Violin Concerto (Nielsen)
The Concerto for Violin and Orchestra, Opus 33, was not an easy assignment for Nielsen. He began writing it in the summer of 1911 in Bergen, Norway, where he was spending some time at the invitation of Nina Grieg. It progressed with some difficulty as Nielsen, now back in his native Denmark, commented that the concerto "has to be good music, and yet always make allowances for the activity of the solo instrument in the best light, that is rich in content, popular and dazzling without becoming superficial." In fact, he did not complete it until mid-December.
The first performance followed on 28 February 1912, the same night as the first performance of Nielsen's 3rd Symphony. Carl Nielsen himself conducted the Royal Danish Orchestra at the Odd Fellows Mansion in Copenhagen with Peder Møller, Nielsen's preferred virtuoso, as soloist. Nielsen spoke of the "great enthusiasm" with which the concerto was received but in fact the press commented above all on the masterly performance of Møller. Robert Henriques, in his extremely positive review, noted: “The Violin Concerto is a very significant work which will gain every time it is heard, because of course one only gradually becomes aware of all the brilliant details." He saw the concert, which had also included Nielsen's third symphony, as a demonstration of the composer's "rare talent," commenting that he was "on the true road towards the great goals he has set himself." It became something of a landmark for Nielsen who wrote of his overwhelming "Erfolg" (success). The concerto continued to be received with enthusiasm as it was performed on several occasions over the following years, not only in Denmark but also in Gothenburg and Stockholm, always with Møller as soloist.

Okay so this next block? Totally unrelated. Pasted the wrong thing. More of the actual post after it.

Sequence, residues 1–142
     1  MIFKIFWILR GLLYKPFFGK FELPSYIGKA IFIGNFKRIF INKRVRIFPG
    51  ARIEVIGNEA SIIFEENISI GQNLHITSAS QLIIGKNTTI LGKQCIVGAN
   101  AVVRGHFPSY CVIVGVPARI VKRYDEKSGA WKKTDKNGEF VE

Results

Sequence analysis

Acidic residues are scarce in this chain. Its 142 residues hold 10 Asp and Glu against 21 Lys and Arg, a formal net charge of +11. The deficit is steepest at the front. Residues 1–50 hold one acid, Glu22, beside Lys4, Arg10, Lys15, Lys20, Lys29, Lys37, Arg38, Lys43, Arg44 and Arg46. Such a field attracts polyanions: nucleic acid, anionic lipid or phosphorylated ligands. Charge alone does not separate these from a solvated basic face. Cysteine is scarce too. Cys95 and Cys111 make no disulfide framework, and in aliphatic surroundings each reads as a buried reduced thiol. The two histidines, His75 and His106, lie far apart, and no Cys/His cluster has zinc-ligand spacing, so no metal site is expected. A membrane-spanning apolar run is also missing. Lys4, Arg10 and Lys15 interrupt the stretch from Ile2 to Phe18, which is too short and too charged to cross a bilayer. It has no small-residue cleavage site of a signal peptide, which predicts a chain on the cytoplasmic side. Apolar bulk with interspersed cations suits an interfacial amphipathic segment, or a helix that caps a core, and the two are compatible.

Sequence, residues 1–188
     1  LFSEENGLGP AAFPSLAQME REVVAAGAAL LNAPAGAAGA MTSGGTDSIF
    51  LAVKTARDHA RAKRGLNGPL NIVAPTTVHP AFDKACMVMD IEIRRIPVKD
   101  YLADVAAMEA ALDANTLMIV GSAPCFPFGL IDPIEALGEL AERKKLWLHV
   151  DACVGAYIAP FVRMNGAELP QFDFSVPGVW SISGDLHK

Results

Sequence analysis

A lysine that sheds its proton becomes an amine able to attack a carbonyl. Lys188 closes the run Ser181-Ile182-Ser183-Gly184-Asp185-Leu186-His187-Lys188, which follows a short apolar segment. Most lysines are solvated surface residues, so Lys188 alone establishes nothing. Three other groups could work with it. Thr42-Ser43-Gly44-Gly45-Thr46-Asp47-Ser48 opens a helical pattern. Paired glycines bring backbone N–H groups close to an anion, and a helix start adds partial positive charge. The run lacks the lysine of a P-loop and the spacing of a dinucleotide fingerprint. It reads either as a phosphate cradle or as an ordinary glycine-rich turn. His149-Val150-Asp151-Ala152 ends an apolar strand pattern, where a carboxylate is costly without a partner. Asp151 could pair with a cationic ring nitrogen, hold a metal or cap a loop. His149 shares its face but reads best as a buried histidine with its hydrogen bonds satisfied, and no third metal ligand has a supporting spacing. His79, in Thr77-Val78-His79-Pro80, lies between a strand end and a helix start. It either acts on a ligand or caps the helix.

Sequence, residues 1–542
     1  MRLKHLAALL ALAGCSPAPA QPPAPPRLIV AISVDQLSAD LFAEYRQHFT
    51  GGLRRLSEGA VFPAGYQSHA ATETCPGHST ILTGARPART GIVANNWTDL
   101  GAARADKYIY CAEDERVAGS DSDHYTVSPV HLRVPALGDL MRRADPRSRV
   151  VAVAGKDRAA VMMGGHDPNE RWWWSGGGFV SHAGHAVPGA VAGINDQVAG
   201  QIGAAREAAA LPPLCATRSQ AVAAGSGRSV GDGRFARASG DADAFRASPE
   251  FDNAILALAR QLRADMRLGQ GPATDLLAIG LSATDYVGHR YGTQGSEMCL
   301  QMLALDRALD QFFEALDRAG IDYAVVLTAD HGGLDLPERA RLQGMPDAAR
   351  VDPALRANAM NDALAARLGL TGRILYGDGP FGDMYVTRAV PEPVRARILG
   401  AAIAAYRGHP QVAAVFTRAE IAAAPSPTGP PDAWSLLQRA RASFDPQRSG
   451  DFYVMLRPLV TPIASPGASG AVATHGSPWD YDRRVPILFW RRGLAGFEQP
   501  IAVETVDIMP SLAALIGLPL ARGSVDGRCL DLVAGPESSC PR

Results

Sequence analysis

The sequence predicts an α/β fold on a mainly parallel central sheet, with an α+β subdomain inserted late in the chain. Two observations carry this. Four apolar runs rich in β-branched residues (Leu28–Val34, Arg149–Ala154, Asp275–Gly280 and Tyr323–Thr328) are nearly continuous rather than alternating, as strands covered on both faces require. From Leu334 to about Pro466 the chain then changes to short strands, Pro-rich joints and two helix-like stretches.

Unlike Nielsen's later works, the concerto has a distinct, melody-oriented Neo-Classical structure. Unusually, there are two movements. The calm "Praeludium" is followed by a catching tune for the orchestra providing opportunities for tricks by the violin. The long, slow Adagio leads to the final Scherzo which, as Nielsen commented, "renounces everything that might dazzle or impress."